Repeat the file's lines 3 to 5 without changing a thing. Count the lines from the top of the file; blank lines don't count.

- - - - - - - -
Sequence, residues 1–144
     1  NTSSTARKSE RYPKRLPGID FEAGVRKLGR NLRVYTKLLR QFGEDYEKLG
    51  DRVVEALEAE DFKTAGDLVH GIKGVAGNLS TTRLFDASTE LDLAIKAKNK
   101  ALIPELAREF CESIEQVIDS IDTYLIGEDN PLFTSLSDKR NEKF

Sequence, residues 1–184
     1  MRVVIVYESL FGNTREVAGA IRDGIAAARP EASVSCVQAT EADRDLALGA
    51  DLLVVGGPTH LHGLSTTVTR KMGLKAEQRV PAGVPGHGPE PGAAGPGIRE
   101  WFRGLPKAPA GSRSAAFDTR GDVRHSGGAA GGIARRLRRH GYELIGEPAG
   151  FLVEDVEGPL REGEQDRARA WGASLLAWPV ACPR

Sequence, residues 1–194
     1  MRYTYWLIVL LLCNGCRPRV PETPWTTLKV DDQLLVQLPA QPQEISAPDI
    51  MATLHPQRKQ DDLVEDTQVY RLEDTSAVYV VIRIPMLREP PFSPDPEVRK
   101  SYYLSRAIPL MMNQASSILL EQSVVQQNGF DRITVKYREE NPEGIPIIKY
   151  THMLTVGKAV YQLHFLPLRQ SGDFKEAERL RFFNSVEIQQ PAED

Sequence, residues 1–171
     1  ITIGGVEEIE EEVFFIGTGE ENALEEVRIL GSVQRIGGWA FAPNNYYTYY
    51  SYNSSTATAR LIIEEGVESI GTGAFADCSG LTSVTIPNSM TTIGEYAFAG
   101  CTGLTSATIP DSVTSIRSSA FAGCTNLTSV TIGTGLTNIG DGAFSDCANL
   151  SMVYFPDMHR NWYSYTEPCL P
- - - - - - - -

    51  DRVVEALEAE DFKTAGDLVH GIKGVAGNLS TTRLFDASTE LDLAIKAKNK
   101  ALIPELAREF CESIEQVIDS IDTYLIGEDN PLFTSLSDKR NEKF

Sequence, residues 1–184